Call him or another inspector to do an inspection for you but be aware once you know the issues, you will be required to disclose that information to any future buyers or repair the defects prior to sale. Bottom line, there is a reason the first buyers were scared off and a reason the second buyers decided to save some money by not completing the inspection. Inspectors generally want to complete the inspection, write the report and make a full fee. This inspector lost money in order to protect his client.

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If that's what happened then I'm suspicious of that inspector.  My inspection and report first becomes more difficult as the number of issues and their gravity goes up on a given house, but at some point it becomes easier.  On the very worst of houses, systems are written off with a single, detailed and carefully crafted paragraph.  My fees actually become earned more quickly.

Also, the number of issues does not mean it's a crappy house.  That's determined by the sum of each issue and its gravity.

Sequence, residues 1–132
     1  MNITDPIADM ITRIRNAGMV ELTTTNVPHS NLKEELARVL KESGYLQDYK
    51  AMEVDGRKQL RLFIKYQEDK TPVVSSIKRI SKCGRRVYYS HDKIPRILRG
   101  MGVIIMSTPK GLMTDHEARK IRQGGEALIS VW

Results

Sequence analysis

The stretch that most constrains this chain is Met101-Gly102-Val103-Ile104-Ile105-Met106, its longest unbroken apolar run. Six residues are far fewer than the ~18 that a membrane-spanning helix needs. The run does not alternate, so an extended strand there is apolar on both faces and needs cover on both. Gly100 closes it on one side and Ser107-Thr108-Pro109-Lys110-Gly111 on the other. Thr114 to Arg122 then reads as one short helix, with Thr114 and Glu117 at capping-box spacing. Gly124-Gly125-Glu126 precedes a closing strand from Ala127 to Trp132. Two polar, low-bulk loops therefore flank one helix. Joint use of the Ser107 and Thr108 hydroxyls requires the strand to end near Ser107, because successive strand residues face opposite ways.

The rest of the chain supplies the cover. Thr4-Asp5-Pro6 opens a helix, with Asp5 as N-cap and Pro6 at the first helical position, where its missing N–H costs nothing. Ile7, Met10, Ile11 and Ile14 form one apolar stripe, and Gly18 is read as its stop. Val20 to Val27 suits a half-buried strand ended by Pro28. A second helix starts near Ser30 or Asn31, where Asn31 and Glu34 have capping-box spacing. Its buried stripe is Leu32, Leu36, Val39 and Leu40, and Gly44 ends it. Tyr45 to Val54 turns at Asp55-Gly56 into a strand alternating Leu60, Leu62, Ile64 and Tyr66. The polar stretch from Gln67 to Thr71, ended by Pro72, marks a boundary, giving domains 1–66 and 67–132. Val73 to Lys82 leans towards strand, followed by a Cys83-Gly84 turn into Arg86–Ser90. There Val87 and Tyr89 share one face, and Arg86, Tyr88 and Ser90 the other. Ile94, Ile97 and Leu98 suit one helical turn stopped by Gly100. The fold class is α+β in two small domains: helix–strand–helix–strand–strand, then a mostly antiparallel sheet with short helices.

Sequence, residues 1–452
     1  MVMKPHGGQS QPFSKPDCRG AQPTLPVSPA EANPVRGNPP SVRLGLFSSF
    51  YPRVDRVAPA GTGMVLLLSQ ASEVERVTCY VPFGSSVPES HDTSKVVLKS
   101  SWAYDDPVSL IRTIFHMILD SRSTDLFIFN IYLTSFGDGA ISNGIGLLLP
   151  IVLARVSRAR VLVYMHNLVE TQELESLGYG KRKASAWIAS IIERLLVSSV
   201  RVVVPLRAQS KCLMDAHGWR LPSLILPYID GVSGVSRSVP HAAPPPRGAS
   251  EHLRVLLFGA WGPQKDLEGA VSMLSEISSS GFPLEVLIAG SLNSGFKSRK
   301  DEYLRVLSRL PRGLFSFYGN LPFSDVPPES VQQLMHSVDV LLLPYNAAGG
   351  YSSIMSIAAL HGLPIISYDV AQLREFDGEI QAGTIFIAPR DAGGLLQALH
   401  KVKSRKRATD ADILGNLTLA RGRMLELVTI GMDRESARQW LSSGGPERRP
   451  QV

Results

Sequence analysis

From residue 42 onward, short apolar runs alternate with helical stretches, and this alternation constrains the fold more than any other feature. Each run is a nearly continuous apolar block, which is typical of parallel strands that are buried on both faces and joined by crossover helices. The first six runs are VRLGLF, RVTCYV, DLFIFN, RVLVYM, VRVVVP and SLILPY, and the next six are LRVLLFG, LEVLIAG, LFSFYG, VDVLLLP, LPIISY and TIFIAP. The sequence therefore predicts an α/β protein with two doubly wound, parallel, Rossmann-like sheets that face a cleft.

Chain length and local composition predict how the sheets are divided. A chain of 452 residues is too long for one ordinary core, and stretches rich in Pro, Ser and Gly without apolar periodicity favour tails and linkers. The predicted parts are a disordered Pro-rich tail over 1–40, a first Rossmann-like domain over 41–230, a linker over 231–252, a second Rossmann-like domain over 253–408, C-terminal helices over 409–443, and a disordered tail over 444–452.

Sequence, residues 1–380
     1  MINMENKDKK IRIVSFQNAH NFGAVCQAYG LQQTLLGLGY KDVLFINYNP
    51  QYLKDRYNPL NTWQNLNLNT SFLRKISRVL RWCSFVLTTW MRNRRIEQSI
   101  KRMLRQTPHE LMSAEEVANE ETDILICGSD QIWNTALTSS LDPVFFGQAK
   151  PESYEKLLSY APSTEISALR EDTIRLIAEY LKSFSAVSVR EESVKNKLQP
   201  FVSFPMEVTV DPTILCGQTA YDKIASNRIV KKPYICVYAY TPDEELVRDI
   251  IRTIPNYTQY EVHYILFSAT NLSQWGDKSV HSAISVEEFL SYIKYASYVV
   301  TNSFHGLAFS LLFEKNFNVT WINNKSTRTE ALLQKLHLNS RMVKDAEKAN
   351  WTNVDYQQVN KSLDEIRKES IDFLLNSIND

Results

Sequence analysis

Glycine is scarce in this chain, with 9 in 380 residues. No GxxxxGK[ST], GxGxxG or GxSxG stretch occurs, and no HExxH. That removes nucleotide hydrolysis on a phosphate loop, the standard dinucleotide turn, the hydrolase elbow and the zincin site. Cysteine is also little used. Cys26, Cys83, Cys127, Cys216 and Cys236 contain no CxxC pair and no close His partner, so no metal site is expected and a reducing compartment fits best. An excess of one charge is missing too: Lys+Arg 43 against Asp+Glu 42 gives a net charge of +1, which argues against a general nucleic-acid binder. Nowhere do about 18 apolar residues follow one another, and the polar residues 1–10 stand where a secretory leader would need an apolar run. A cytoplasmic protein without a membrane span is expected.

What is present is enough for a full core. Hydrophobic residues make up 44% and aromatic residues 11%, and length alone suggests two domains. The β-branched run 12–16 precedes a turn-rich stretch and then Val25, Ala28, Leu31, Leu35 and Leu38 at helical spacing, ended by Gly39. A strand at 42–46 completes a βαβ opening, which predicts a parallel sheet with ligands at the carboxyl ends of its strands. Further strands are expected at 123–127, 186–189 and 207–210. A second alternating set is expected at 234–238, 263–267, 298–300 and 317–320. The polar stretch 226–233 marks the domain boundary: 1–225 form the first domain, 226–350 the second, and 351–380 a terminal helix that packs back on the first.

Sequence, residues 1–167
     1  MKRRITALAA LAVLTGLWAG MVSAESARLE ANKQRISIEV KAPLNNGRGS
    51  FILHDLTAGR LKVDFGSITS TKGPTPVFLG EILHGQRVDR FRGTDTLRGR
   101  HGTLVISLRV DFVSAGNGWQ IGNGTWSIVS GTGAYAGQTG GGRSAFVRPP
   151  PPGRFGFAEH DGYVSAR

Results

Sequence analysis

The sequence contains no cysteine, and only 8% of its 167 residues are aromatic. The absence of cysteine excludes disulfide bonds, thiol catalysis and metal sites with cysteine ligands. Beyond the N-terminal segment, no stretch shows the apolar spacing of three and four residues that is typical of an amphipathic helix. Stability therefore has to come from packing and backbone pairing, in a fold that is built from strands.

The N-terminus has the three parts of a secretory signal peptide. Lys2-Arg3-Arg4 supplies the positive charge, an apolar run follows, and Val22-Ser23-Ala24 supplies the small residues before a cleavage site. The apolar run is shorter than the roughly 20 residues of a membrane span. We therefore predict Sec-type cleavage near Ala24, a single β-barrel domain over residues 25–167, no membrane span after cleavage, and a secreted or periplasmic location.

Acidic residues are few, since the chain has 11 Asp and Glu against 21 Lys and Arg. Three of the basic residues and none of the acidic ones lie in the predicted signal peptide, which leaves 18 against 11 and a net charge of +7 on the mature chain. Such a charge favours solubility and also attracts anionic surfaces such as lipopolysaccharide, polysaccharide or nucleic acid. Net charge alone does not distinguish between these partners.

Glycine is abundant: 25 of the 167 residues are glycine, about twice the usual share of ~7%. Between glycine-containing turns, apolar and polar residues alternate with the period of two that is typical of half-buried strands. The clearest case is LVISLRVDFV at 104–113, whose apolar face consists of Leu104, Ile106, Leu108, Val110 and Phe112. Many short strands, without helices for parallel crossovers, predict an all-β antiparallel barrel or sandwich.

Edited by Marc

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This has happened with me a few times.  Most recent one was finding catastrophic termite damage to wood framing on half-height basement walls.   Came back a few weeks later with second client, and homeowner had covered the damage with batt insulation. 

Saved my client half his fee.  

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I have been called off a number of times, once when I discovered violations of disclosure where seller tried to hide things.

Once I arrived at a job, called the client and told him I would not even start the job, and did not charge him at all.

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I would suggest hiring a reputable home inspector and paying for a sellers inspection. This will allow you will know the true condition of your home and know what's driving buyers away. You can  either chose to make repairs/improvements or price the home according to it's condition.